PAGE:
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Cody Durham – High-Rise Window Cleaning

Every few months, I hear a THUMP THUMP against the side of my 13th-story window. I pull back the drape and wave to the man (I’ve yet to see a woman!) dangling from the side of my building. He cleans and swipes, pausing to wave back, smile, and pose for a photo. “High-rise window cleaners see some crazy stuff,” says Cody Durham. “And, believe me, it’s hard not to look.”

How in the world does one get into the scary business of hanging from a 30-story building?

Cody was 18, and he needed a summer job. His buddy worked at a window cleaning company. “Are you scared of heights?” he asked Cody one day. “Nah,“ Cody replied.

Cody’s brother, nervous about any place above the ground floor, was not enthusiastic about his younger brother’s new job. “He thought I was crazy,” says Cody. After his training period, Cody spent the rest of the summer suspended from buildings, cleaning windows and pressure washing. “And,” he says, “I been doing it ever since.”

Nowadays, that same heights-averse older brother and Cody are in business together. At Summit Window Cleaning, big brother does “no hanging at all.” Chad is the behind-the-scenes guy, handling insurance, invoicing, and administrative aspects. Cody manages the job sites and employee training, ensuring all goes well 30 stories up.

High Rise Window Cleaner

“When we started Summit five years ago, we struggled to get our feet in the door,” says Cody. Many companies in the Tennessee/Kentucky area cleaned windows and pressure-washed one- or two-story homes and businesses. It was tough to break into the market.

“But swinging from the side of a skyscraper is not everyone’s cup of tea,” says Cody.

So the new business owner reached out to managers of high-rise buildings in the Nashville area. And there were loads of them. As Nashville exploded with new growth, hotels and office buildings shot up on every corner.

“All of a sudden, those office tower and hotel managers began contacting me,” says Cody.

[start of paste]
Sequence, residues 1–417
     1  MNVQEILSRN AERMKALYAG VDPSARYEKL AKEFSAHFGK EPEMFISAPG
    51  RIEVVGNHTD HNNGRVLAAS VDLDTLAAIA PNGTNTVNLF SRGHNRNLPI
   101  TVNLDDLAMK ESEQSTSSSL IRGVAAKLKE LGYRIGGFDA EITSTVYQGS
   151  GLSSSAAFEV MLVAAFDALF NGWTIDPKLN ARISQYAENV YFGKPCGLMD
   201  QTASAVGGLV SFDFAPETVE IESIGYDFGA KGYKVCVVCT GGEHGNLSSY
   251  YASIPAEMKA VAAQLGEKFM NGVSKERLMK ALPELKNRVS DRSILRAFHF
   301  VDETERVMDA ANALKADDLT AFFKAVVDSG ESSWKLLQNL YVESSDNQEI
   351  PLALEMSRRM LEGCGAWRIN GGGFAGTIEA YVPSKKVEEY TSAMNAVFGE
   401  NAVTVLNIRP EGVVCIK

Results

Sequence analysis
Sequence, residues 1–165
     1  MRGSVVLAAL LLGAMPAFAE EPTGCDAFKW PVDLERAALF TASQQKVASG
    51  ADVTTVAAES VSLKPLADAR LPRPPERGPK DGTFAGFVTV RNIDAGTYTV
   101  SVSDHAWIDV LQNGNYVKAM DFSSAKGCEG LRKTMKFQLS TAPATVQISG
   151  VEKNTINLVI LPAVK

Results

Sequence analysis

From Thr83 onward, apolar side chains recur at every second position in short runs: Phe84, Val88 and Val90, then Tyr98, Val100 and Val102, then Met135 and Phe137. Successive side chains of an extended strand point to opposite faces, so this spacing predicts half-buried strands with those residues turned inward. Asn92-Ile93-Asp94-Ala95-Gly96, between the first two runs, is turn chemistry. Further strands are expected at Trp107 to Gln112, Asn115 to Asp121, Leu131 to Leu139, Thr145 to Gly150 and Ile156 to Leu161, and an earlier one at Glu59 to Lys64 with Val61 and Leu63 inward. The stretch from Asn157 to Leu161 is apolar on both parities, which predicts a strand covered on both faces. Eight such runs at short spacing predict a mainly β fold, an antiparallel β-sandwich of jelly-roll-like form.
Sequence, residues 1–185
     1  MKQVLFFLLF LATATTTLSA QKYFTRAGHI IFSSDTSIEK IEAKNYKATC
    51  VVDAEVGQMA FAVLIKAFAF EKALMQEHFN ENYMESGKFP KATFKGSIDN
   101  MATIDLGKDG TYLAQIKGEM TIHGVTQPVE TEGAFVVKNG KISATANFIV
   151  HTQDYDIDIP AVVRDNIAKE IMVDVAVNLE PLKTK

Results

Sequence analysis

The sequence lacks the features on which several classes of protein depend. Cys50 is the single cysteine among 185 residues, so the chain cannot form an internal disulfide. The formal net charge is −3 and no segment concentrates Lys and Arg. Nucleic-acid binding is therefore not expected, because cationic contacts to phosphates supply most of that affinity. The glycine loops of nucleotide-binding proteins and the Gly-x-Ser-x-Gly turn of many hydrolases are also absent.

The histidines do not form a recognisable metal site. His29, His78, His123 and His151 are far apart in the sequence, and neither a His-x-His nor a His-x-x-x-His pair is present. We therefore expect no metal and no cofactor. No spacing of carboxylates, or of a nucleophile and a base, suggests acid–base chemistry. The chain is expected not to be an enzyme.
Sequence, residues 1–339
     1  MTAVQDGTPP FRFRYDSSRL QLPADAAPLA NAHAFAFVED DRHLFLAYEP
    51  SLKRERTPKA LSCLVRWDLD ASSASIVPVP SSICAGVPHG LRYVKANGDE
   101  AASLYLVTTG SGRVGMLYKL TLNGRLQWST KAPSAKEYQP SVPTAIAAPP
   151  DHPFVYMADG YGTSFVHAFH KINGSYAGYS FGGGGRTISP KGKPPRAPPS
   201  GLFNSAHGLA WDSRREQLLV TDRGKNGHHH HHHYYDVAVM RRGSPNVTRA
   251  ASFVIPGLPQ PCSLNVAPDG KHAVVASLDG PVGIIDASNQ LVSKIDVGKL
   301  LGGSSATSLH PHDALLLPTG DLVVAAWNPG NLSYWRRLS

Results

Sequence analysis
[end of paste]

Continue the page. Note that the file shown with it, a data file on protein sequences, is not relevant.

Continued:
Summit’s employees begin their training on the ground, and the first step is to learn the proper way to clean a window. Cody’s secret recipe includes a few drops of Dawn dishwashing soap and a squeegee.

A high-rise window cleaner's view down

A Bosun’s Chair

As scary as it looks, high-rise window cleaning is regulated and not considered dangerous. Cleaners, starting from the rooftop, drop down the side of the building in a Bosun’s chair—a contraption once used to paint and clean the outside of cruise ships. The chair’s four-point connection system, harnesses, clips, safety belts, and two different rope lines ensure a safe trip as cleaners work their way down to the ground floor.

“It’s a gradual process,” says Cody. When employees seem ready to “leave the ground,” they go to the rooftop of a hotel, condo building, or office complex. High above the first floor, the newbies tie knots, secure ropes, and attempt to get comfortable with the thought of dangling among the clouds. “We can tell by the looks on their faces if they’re ready to go over the side,” laughs Cody.

Before Cody or a team member drops from a building’s roof into the Bosun’s chair, they inspect the equipment. Every single time. Like an airplane pilot conducting pre-flight checks. Since no official inspections exist, “You have to be on top of things,” says Cody.

Although falling is not a real concern, cleaners keep an eye out for birds. Sun can be brutal, and they “don’t drop” when winds swirl more than 20 mph. During the rainy winter months, the team moves indoors.

Nowadays, Cody’s duties keep him planted on the ground most of the time. But he loves the views from way up high.  “We’re all alone up there,” he says. “You can’t beat the sights—the fall leaves, the  twinkling downtown lights at twilight.”

Photos courtesy of Cody Durham

PS—a female funeral director, package-free shopping, and plant-based cooking

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